In fact, the roll call of names familiar to Dallas historians are many: Ervay, Thornton, Akard, Miller, Record, Minyard, Grauwyler, Cabell, Armstrong, Zang and Bartos. They include ex-mayors (Winship Conner, Williams Holland, Louis Blalock), a lieutenant governor (Bennett Gibbs), wife of a former New York City mayor and an ambassador to Mexico (Sloan Simpson O'Dwyer), religious leaders (Episcopal Bishop Alexander Garrett), entertainment luminaries (B-movie actress Dorothy Brannen Exall) and patrons of the arts (Mrs. J.T. Trezevant, founder of the Dallas Shakespeare Club). Individually and collectively, they signal the prosperity and progressiveness of generations past.
Too, there are markers that remind of darker times in the city's history. More than 2,000 grave sites honor those buried in 1918 and 1919 alone, during an influenza epidemic spread by soldiers returning home from World War I. At a grave site donated by a Dallas funeral home rests Santos Rodriguez, the 12-year-old shot and killed by a rogue Dallas police officer in the backseat of a patrol car on a dark and infamous summer night in 1974 (Dallas Observer, July 16, 1992). Just a few yards away, in the canopied shade provided by a tangled grove of trees, is the headstone marking the grave of Florence Brown, daughter of a Dallas policeman whose 1913 murder has long remained a mystery (Dallas Observer, June 14, 2001). And in a section of the cemetery that is predominately Hispanic, the bodies of two 19-year-old members of rival gangs are buried side by side.
The history, ancient mixing with modern, not only tells the tale of Dallas but also speaks to Oakland Cemetery's past. By the late 1880s, with the arrival of a railroad creating rapid growth, Dallas' City, Pioneer and Greenwood cemeteries were filling quickly, leaving only small family burial grounds and those constructed by organizations like the Masonic Lodge and the Order of Odd Fellows as burial sites. George Loudermilk, a forward-thinking entrepreneur of the day, began making plans with fellow businessmen to purchase land for a new cemetery that would serve the community's needs for decades to come. "First-class" was the phrase the promoters used. Designed by well-known engineer Benjamin Grove of Louisville, Kentucky, Oakland Cemetery would be built on bounty land originally deeded to a man named Thomas Lagow who had received it from the Republic of Texas in exchange for his participation in the War with Mexico. Years later, his sons would trade away another parcel of the 4,400-acre Lagow holdings--land where Fair Park today stands--for a team of oxen and a wooden plow.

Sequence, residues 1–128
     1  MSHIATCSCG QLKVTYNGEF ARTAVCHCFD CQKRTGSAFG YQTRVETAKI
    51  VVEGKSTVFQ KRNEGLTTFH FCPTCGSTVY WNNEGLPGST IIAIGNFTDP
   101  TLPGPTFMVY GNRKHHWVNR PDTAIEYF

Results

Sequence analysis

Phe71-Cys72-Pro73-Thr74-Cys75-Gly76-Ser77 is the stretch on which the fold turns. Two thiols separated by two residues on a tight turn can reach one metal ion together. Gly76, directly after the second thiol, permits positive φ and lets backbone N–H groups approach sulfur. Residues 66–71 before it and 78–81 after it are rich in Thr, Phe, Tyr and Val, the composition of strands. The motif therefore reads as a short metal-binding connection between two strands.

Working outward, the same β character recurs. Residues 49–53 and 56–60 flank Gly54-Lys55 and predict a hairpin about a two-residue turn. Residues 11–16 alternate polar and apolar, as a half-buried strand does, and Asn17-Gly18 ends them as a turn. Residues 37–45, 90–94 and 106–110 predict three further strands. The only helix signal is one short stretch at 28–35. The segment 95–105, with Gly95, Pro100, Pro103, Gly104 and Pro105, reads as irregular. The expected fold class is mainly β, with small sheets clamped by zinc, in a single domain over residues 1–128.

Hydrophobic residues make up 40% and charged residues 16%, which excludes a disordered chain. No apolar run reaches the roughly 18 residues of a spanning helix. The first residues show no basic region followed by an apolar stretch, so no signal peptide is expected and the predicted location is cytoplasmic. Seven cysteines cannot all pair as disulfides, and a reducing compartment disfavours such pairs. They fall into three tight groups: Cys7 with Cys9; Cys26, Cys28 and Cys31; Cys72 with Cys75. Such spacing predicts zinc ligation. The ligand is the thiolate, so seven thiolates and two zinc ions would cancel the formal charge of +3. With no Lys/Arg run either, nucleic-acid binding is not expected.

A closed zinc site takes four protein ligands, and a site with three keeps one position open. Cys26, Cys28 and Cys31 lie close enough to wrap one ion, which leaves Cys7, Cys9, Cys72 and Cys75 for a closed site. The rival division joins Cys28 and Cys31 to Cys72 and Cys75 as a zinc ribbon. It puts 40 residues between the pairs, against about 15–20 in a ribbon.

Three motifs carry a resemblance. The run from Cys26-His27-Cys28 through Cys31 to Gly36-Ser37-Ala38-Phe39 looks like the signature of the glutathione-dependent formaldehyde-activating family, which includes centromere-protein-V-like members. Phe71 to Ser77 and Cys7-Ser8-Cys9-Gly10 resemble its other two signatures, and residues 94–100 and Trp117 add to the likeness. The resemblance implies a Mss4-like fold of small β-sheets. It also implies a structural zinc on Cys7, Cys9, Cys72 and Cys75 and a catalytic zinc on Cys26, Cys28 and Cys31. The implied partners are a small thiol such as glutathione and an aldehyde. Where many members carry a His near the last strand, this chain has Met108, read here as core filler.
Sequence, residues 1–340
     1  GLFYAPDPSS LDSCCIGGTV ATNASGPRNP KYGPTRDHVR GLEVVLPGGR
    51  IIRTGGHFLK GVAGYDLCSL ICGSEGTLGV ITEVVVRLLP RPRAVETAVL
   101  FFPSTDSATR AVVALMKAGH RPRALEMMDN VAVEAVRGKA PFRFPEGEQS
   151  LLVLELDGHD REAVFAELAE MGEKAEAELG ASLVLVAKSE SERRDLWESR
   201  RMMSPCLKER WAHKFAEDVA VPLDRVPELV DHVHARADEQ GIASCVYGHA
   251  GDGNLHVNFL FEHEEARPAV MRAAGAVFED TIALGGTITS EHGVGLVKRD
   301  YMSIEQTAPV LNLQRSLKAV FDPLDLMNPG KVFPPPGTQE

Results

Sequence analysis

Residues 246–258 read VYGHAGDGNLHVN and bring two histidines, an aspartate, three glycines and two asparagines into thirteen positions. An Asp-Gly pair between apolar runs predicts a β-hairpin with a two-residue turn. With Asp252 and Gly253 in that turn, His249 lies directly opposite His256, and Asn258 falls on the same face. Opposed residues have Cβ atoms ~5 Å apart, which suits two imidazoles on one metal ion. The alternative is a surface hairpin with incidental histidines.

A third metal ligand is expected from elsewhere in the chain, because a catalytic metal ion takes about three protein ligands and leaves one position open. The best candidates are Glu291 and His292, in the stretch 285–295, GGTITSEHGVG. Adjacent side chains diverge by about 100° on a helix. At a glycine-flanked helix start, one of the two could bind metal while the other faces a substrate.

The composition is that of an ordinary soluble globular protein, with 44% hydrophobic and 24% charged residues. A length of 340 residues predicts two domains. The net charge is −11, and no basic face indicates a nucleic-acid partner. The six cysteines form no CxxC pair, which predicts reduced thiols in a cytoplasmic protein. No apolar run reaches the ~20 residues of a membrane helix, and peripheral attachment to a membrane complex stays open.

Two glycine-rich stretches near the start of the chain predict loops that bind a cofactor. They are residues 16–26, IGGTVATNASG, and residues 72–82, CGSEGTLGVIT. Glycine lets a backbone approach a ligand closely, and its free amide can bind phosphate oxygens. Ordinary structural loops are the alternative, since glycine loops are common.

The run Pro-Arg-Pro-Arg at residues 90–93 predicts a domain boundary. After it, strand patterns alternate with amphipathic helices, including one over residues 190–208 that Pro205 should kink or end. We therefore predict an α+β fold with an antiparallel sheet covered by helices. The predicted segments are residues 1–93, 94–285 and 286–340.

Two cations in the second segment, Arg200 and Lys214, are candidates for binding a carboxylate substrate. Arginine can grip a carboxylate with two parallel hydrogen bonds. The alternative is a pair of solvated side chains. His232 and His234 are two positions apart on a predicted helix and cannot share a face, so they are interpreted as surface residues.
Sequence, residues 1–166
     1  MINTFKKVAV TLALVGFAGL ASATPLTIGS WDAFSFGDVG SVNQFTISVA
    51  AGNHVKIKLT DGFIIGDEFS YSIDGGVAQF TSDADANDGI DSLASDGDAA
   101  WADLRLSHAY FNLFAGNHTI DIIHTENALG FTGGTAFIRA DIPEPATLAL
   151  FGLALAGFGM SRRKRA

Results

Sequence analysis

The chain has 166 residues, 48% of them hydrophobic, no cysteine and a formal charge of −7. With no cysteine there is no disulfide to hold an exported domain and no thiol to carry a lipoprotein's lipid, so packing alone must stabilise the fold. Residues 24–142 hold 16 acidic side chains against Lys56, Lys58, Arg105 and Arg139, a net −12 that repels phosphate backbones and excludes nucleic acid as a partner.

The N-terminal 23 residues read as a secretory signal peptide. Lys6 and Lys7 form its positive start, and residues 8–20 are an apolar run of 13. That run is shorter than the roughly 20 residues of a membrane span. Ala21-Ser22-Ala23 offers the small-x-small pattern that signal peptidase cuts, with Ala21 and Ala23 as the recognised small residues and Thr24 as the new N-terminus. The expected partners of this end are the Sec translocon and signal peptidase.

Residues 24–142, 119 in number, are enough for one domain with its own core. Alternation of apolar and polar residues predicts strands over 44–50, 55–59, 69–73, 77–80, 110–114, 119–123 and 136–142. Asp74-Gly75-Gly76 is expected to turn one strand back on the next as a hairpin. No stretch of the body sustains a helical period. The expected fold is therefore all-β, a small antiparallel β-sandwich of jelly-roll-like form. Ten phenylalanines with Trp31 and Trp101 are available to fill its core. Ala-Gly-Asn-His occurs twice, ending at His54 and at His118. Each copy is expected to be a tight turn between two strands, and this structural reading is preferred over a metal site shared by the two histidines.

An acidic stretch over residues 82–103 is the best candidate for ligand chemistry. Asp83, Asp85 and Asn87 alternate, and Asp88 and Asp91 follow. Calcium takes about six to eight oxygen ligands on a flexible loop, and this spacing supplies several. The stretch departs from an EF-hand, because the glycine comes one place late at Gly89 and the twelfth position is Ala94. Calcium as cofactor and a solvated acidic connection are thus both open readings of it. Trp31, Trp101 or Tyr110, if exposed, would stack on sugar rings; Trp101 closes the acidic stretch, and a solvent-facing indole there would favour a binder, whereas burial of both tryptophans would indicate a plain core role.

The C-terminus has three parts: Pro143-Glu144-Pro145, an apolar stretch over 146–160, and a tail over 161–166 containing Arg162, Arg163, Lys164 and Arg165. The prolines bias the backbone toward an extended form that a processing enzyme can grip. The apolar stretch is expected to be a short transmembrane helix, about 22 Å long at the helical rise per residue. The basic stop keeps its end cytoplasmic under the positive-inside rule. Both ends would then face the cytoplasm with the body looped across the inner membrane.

When Oakland was dedicated on December 8, 1892, it was far outside the existing Dallas city limits. Among the rules and regulations established by Loudermilk and his fellow Cemetery Company partners was that it would be the city's first perpetual-care facility. Families bidding loved ones farewell could rest assured that the final resting places of their mothers and fathers, husbands and wives, sons and daughters, would be well-kept forever.
By 1923, however, ownership of the cemetery was transferred into a nonprofit corporation known as the Oakland Cemetery Lot Owners Association, and a trust fund was set up for its long-term operation and care. A board of directors agreed that only the interest earned by the trust would be expended for salaries of cemetery employees and the facility's upkeep.
Events that the planners had not anticipated offered early signals that all would not forever be well. The stock market crash of 1929 virtually wiped out the trust fund, creating the need for sizable bank loans to keep Oakland in business. Additionally, the grand plan did not take into consideration that the time would arrive when all lots were sold and only a half-dozen burials a year could be conducted. In effect, the income meant to assure the promised "first-class perpetual care" would be drastically reduced.